A federal mediator will meet with First Student and the Teamsters Local 174 Thursday, in an effort to end Seattle's five-day school bus strike.

The news of the two sides heading back to the bargaining table came late Wednesday as teachers staged a walkout in support of their bus drivers.

At the intersection of Martin Luther King and Rainier Avenue South, teachers joined a growing chorus of voices, asking where is the district's leadership?

Related: Seattle parents frustrated to see empty buses on routes

"Obviously I think they should be doing more," said fifth-grade teacher Nathan Barnes of Maple Elementary.

"Just because the district has subcontracted with somebody else doesn't mean that we don't also feel a responsibility that those people are taken care of in a way that they can be confident in their jobs secure in their jobs," Barnes said.

"I just want a little more information from the top of the district about what we're doing to try to solve this problem," said third-grade teacher Maria Herman.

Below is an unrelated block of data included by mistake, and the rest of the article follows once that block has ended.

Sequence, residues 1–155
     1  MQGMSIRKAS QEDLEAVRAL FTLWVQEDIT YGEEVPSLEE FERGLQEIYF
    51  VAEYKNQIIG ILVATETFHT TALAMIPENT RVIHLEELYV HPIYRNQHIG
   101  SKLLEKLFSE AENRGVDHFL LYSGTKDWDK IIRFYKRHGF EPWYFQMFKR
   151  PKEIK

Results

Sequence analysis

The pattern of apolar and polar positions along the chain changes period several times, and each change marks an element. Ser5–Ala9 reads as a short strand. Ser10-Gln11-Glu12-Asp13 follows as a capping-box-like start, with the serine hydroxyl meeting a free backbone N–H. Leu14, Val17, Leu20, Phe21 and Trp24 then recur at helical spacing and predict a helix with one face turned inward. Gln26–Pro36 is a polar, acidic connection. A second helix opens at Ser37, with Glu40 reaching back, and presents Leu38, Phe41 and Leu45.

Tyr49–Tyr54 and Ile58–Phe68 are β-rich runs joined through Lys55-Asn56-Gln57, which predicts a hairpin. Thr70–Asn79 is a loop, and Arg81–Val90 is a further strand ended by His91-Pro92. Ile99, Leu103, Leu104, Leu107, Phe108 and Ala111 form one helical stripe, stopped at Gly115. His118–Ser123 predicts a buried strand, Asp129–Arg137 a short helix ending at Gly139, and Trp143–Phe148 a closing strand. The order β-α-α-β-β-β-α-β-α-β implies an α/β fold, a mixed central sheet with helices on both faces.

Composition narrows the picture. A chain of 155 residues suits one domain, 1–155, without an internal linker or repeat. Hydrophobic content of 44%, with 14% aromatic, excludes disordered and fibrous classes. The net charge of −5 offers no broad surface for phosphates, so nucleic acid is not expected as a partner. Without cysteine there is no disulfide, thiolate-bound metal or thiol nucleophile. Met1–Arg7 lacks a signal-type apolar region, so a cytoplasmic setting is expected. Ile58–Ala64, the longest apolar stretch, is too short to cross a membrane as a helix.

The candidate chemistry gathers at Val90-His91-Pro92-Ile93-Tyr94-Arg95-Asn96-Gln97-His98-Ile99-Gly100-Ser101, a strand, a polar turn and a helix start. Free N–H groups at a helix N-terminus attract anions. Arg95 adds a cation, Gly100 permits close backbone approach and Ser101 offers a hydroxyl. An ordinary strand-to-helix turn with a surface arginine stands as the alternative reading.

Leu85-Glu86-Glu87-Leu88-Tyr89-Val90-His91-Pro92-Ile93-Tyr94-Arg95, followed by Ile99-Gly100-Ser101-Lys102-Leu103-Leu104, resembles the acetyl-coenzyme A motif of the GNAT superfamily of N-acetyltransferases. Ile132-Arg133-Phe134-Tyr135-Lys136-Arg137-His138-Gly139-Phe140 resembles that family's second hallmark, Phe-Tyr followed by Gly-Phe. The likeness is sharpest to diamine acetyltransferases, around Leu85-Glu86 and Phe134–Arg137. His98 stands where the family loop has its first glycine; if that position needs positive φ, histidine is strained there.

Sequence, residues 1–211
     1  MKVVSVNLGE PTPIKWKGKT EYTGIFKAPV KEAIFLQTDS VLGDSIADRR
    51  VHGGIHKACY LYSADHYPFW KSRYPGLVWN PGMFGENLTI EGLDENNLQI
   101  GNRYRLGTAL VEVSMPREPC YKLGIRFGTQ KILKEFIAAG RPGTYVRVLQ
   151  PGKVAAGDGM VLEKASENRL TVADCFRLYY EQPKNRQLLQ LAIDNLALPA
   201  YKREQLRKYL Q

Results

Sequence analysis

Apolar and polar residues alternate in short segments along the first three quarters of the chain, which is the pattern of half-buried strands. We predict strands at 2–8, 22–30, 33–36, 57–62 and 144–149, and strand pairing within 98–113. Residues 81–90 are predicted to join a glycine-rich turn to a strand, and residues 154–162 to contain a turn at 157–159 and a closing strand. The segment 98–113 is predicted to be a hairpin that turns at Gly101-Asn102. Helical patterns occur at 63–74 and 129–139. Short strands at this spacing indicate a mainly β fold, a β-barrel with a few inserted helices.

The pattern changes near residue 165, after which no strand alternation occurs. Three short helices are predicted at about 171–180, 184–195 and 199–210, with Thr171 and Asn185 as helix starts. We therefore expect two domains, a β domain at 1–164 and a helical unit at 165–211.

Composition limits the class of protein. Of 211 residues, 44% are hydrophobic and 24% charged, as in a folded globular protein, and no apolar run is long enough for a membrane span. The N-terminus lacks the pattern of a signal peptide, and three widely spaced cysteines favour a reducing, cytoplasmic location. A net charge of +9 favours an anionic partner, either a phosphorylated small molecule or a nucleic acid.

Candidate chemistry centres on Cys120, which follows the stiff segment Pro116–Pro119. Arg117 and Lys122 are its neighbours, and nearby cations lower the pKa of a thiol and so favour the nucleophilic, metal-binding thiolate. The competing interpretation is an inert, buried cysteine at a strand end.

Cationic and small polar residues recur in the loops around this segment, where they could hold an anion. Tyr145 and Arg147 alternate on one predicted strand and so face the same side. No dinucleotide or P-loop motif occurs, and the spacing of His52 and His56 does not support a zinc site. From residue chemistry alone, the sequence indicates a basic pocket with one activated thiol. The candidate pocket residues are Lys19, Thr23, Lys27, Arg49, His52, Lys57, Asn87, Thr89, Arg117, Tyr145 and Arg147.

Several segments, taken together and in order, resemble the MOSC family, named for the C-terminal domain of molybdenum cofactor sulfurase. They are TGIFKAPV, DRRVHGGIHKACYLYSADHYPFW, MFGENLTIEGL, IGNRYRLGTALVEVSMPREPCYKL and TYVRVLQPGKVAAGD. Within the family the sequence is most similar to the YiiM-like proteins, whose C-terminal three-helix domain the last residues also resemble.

Seattle Public Schools contracts with First Student for transportation of 12,000 students in the district.

First Student has stated repeatedly it is waiting for the bus drivers' union to respond after the company made its last offer.

"They refused to counter," said First Student's lead negotiator Kim Mingo Tuesday. "They went out on strike. So the ball is in their court."

Should the district be doing more to get the two sides back to the bargaining table? So far our requests to the school board leadership have gone unanswered.

Late Wednesday the district spokesperson issued a statement that said, in part: "First Student and the Teamsters Union 174 are private parties and are working with a federal mediator to resolve the contract issues. For now, the best course of action is urging both sides to work with the mediator and reach a fair resolution.”

City Council Member Kshama Sawant, never shying away from her pro-labor position, wrote a letter to the district told hold First Student to its contract.

Her letter asked, "Has the District started fining First Student $1.2 million per day as you suggested last October?"

"Those fines give a leverage to the school board to force First Student to bargain in good faith," Sawant said.